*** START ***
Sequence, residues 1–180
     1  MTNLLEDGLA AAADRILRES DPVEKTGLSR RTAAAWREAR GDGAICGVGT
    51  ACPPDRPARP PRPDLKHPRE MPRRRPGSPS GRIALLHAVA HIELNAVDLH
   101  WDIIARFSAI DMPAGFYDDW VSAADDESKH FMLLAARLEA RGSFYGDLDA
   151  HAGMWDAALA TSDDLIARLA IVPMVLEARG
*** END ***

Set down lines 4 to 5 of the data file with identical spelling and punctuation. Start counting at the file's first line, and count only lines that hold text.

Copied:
   101  WDIIARFSAI DMPAGFYDDW VSAADDESKH FMLLAARLEA RGSFYGDLDA
   151  HAGMWDAALA TSDDLIARLA IVPMVLEARG